Reading Your Credit Card Agreement

Sunday, October 30, 2016 - 22:23

Asset Concerns, Money Management


Credit card agreements can be one of the most challenging financial documents to understand. The purpose of a credit card agreement is to spell out the conditions of your line of credit. According to an analysis done by creditcards.com, the average credit card agreement is written at a 12.37 grade level, while the average person reads at a grade level 9. It is written by lawyers and can be more than ten pages long. Consequently, this provides room for a lot of small print and jargon.

Here are some tips on how to approach your agreement:

  1. Take it line by line.
    Make sure you do not skip any of the small print. Yes, there is a lot of information in this document (the average credit card agreement has 3,771 words), but all of it is important. If your deal with the creditor seems too good to be true, it probably is, and you need to know why. Skipping anything here could be detrimental to your credit later.
  2. Make sure you know the terms of your interest rate.
    Promotional Rates
    Many cards will use promotional interest rates to get your attention, such as 0% Annual Percentage Rate (APR) for six months for balance transfers. Often in the small print there is a transfer transaction fee and/or an amendment that says the balance must be paid in full before the end of the six months or the accrued interest will be applied to the account. Be sure to check for this before making any transfers.

    Penalty Rates
    Also, if you are late making your payment, a penalty APR could be applied to your account. In the agreement a penalty APR could be anywhere from zero to 29.99%, and if your rate is increased for this reason, the Penalty APR will apply indefinitely.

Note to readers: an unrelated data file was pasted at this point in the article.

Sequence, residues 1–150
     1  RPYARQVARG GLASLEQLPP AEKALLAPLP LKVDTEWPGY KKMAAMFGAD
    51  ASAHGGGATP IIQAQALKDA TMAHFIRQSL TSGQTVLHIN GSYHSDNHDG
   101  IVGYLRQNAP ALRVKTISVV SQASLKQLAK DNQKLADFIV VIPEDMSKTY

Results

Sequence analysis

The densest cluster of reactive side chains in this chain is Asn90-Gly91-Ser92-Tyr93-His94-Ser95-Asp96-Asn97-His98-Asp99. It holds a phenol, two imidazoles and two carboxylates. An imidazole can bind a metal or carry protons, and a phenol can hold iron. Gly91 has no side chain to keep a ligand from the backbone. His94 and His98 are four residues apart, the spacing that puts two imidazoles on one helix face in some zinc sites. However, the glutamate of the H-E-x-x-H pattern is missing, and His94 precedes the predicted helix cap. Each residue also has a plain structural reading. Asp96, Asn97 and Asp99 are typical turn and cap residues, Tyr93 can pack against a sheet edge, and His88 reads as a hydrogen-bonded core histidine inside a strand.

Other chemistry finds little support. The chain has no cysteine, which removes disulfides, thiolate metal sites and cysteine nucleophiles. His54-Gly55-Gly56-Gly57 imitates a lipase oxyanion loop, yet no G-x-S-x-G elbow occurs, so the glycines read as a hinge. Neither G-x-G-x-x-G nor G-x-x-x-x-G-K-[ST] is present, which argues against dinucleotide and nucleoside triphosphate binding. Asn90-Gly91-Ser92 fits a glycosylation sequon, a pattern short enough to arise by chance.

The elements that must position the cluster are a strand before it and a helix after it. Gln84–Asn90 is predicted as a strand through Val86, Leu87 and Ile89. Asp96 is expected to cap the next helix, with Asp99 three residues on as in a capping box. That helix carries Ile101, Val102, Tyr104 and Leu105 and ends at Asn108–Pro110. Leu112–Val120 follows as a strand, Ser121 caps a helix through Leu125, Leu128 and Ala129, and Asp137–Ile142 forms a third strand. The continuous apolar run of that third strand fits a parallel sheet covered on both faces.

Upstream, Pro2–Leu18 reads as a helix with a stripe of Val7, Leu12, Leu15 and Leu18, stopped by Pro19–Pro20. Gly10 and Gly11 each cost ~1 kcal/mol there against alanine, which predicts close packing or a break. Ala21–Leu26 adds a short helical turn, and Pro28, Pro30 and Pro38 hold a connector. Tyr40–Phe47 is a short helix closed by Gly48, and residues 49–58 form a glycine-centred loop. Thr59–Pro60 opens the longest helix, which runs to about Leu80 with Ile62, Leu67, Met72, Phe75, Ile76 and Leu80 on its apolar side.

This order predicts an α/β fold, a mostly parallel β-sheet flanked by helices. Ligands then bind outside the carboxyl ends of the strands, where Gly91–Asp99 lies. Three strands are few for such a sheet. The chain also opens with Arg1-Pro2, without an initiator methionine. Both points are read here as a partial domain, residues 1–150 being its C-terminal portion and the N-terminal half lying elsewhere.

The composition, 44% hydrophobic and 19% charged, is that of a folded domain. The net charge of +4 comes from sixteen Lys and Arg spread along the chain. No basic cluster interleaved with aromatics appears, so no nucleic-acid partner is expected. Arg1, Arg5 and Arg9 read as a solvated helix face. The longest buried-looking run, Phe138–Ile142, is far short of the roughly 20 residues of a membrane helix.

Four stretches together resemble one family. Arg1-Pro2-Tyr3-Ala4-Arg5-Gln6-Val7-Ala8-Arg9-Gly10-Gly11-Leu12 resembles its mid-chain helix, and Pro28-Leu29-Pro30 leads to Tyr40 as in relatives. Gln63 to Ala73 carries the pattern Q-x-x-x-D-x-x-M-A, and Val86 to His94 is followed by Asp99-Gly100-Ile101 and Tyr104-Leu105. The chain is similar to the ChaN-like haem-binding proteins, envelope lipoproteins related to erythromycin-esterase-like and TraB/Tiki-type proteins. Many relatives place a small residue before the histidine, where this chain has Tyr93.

Paying Interest

    Typically, you will not be charged any interest on purchases if you pay your entire balance by the due date each month. There can be some catches to this though. If you take out a cash advance or balance transfer interest can start accruing on the transaction date. This could vary based on your agreement so make sure to look out for this.
  3. Your credit card agreement can change at any time.
    Your agreement states something along the lines of, “We reserve the right to amend this Agreement at any time, by adding, deleting, or changing provisions of this Agreement.” This is something you cannot avoid. Your creditor has to give you notice of these changes in advance and you often have the option of rejecting the change. If you choose to reject the change though, your credit card account may be terminated, so be sure to check the fine print.
  4. Know your credit availability.
    Your credit card agreement should let you know how much your credit line is approved for when you receive your card. The amount of credit you have could vary based on the transaction type. You could be approved for a certain percentage for a cash advance and another amount for purchases. You already know you should avoid going over your credit limit but if you do, there is a clause in your agreement that will let you know how the creditor will handle the situation. Some may permit the transaction without raising your credit line, some may treat the amount of the transaction that is more than the credit line as immediately due, or they may refuse to permit the transaction.
  5. Check your statements for errors each month.
    It is imperative that you check your statement each month to make sure you do not have any unrecognizable charges. Your agreement will tell you how to handle these if you do run across them. There is often a time limit for you to contest charges made in error.
  6. Know where to go for help.
    If you have a credit card and are having a hard time making your monthly payments, we can help. We offer free, no-obligation consultations and can review all options available to you. 

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